Turkish court rules to keep pro-Kurdish lawmaker Demirtaş in jail
A Turkish court on Wednesday ruled for the continuation of arrest for the former co-chair of the pro-Kurdish Peoples’ Democratic Party (HDP) Selahattin Demirtaş until his next hearing in September, Turkish news agency DHA reported.
Demirtaş has been in prison since 2016 and is accused of spreading propaganda for the outlawed Kurdistan Workers’ Party (PKK), among other terrorism charges. The PKK is an armed group that has fought Turkish security forces for Kurdish self-rule since 1984. Ankara, the EU and the United States designate the PKK a terrorist organisation. The pro-Kurdish lawmaker faces up to 142 years in prison.
Demirtaş attended the hearing via SEGBIS, a court-to-prison teleconferencing system, during which time he called Turkish President Recep Tayyip Erdoğan and his Justice and Development Party (AKP) government the ‘’real criminals’’ for suspending Turkey’s constitution.
“Those who rule Turkey are committing the biggest crime. The Constitution is currently suspended,” DHA quoted Demirtaş as saying.
The HDP lawmaker is on trial over a speech he delivered in 2013 in the eastern province of Elazığ.
Demirtaş said the prosecutor was biased against him and bothered by hearing the word Kurd.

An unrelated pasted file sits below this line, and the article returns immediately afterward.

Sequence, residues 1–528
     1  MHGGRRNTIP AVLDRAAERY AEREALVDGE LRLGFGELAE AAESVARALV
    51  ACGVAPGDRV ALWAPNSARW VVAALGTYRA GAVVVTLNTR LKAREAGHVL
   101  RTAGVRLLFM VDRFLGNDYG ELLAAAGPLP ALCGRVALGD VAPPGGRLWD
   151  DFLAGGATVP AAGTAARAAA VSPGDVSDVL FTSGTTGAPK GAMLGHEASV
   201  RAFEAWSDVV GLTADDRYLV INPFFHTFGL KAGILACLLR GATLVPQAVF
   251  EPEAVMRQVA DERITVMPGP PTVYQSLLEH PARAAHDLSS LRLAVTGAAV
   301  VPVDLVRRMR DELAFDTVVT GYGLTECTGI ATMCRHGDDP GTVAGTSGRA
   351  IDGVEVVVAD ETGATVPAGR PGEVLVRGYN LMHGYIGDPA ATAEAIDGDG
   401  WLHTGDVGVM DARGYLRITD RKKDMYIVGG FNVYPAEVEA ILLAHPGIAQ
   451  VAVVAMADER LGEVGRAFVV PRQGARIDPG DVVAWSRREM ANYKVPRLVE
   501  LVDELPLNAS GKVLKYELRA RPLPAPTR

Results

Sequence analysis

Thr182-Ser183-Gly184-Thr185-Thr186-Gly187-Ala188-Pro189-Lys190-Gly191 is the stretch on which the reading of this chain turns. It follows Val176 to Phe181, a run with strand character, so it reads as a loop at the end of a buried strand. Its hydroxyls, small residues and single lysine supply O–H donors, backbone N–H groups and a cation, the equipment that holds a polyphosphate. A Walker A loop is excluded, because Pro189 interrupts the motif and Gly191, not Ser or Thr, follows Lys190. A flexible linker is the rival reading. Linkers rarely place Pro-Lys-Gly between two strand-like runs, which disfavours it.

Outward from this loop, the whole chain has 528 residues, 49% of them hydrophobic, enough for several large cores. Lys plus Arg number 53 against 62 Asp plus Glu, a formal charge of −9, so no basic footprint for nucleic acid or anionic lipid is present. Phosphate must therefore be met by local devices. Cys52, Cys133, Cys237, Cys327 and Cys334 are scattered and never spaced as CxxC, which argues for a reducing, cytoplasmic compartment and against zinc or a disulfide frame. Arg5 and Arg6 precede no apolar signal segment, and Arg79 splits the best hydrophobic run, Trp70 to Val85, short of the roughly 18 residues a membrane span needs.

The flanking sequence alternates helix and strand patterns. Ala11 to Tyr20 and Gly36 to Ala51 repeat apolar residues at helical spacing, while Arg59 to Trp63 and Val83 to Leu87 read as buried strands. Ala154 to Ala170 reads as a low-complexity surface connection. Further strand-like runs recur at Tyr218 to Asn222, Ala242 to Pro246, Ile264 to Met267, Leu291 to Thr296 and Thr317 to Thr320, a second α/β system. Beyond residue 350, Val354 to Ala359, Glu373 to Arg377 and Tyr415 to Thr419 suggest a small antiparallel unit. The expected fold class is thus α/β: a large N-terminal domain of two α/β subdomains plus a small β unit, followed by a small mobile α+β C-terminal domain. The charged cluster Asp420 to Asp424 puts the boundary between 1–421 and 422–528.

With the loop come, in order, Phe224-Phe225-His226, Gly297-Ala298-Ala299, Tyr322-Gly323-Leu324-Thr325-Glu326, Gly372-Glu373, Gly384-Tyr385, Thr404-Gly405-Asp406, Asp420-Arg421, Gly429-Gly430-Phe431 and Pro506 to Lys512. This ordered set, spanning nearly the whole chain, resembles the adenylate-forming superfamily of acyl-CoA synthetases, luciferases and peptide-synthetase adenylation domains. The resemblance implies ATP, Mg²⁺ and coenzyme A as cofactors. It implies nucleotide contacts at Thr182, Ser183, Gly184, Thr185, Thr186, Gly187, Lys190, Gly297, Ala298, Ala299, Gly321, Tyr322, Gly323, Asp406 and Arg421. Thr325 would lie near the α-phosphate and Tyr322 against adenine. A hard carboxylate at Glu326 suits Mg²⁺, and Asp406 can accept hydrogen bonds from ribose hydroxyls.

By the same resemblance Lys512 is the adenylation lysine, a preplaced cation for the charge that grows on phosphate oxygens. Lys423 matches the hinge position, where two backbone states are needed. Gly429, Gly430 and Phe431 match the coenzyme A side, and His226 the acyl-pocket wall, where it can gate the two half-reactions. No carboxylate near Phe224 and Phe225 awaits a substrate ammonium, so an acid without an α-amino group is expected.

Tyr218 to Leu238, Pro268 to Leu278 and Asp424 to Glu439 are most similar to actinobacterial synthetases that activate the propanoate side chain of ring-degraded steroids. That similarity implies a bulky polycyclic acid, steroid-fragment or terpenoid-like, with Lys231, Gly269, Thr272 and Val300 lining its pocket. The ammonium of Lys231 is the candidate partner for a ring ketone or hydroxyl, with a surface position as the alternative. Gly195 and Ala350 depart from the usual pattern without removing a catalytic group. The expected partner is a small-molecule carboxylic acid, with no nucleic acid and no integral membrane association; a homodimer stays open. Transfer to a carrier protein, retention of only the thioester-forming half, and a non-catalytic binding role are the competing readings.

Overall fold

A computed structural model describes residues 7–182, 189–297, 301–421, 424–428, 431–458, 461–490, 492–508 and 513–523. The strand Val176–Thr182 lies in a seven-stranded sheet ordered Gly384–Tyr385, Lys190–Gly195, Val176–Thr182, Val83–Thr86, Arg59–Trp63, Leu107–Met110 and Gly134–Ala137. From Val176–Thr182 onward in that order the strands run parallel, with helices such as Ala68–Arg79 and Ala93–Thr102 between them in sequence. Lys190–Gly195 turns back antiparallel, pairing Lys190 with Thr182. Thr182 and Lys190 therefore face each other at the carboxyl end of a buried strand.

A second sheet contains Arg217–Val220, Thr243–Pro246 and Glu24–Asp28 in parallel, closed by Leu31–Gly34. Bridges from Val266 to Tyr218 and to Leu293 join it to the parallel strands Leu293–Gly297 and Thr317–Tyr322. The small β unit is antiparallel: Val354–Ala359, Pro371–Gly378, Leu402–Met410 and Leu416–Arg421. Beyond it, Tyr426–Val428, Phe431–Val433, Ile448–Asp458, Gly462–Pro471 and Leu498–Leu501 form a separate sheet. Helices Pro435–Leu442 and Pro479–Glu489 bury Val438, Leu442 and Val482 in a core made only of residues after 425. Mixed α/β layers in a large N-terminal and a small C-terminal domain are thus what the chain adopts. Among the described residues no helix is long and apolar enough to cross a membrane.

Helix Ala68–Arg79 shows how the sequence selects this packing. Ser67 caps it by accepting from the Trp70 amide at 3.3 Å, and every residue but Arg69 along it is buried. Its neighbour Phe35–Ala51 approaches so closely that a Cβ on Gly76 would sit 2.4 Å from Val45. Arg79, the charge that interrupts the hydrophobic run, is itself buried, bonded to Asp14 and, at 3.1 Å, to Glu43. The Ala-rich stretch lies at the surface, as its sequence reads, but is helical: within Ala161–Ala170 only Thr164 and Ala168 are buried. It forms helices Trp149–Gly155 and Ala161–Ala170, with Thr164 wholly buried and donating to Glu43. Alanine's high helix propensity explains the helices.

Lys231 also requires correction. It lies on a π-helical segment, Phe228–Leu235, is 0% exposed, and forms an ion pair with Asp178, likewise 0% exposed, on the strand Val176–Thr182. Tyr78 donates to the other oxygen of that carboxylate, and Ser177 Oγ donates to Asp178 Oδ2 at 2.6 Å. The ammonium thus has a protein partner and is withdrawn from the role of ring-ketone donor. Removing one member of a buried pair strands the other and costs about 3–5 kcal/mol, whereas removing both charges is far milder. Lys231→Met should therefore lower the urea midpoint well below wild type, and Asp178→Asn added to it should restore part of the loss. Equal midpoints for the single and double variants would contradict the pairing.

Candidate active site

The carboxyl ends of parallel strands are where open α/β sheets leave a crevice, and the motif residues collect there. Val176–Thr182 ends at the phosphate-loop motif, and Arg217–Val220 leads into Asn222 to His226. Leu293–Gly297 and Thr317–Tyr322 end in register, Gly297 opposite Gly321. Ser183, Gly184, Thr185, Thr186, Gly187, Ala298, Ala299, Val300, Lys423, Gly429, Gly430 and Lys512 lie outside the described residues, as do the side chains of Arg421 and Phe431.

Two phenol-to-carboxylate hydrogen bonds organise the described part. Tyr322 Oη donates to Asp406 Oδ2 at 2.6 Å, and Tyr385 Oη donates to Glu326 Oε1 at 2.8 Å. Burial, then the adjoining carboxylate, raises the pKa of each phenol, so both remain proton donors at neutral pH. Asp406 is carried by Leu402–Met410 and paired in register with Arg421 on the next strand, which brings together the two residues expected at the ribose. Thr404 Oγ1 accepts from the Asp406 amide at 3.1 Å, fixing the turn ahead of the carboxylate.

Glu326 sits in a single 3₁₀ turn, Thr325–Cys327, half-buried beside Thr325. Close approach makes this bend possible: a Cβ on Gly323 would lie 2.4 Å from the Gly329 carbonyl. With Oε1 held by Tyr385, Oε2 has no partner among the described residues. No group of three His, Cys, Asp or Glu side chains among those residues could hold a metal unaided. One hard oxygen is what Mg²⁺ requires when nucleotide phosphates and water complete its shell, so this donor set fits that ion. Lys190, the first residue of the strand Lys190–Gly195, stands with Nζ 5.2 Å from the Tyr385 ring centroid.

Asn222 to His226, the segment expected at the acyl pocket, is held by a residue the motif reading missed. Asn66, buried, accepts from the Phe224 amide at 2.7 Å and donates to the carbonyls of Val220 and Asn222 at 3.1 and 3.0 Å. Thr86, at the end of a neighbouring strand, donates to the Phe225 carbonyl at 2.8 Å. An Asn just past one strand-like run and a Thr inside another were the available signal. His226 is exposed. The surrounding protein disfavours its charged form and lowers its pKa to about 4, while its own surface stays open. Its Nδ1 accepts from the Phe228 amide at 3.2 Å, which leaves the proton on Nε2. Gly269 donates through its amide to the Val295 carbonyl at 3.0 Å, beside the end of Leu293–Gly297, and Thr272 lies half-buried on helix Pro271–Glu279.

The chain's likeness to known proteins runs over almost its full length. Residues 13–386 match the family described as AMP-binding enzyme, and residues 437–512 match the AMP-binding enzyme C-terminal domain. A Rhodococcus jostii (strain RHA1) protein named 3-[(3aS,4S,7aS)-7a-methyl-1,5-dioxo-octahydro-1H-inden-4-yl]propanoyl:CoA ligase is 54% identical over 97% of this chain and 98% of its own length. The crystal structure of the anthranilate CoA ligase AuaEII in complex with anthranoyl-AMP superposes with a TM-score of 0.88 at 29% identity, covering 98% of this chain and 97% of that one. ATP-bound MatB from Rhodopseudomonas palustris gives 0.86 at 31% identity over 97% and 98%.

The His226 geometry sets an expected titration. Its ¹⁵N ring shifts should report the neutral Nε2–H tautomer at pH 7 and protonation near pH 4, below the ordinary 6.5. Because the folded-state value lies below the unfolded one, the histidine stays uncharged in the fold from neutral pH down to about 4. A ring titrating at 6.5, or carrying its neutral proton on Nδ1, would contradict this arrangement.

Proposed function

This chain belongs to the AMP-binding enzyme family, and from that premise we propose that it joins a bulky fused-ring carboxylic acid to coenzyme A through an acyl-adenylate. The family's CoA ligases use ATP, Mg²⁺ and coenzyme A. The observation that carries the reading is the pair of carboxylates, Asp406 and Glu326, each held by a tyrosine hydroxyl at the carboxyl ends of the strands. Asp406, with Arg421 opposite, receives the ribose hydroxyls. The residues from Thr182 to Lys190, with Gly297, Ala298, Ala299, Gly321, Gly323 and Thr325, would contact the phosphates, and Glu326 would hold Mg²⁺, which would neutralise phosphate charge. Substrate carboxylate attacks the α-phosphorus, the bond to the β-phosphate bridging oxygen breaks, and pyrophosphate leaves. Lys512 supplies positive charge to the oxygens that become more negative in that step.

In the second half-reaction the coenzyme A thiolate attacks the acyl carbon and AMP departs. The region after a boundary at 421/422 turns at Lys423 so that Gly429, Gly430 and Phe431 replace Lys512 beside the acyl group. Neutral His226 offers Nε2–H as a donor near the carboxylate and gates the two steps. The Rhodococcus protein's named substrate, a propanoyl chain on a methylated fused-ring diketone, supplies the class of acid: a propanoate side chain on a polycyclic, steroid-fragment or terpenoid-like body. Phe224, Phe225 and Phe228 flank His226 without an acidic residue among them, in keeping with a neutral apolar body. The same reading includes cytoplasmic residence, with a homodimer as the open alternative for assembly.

“They did not say which of my remarks exactly constitute the crime of making terrorist propaganda. I guess we’ll have to guess,’’ Demirtaş added.
Demirtaş’s lawyers demanded his release on the grounds that the HDP lawmaker had been under arrest for over 3 years without a verdict due to what they said was a political ruling.
Following the court's decision Demirtaş said, “As of this minute, justice has been murdered, even if you rule for my release. As rapists, thieves and thugs face trial without arrest, I feel more dignified in my cell."
The prosecutor demanded the continuation of Demirtaş’s arrest, stating that his alleged crimes fell under special circumstances and that there was concrete evidence that the alleged crimes had been committed.
Demirtaş’s next hearing is scheduled for September 2.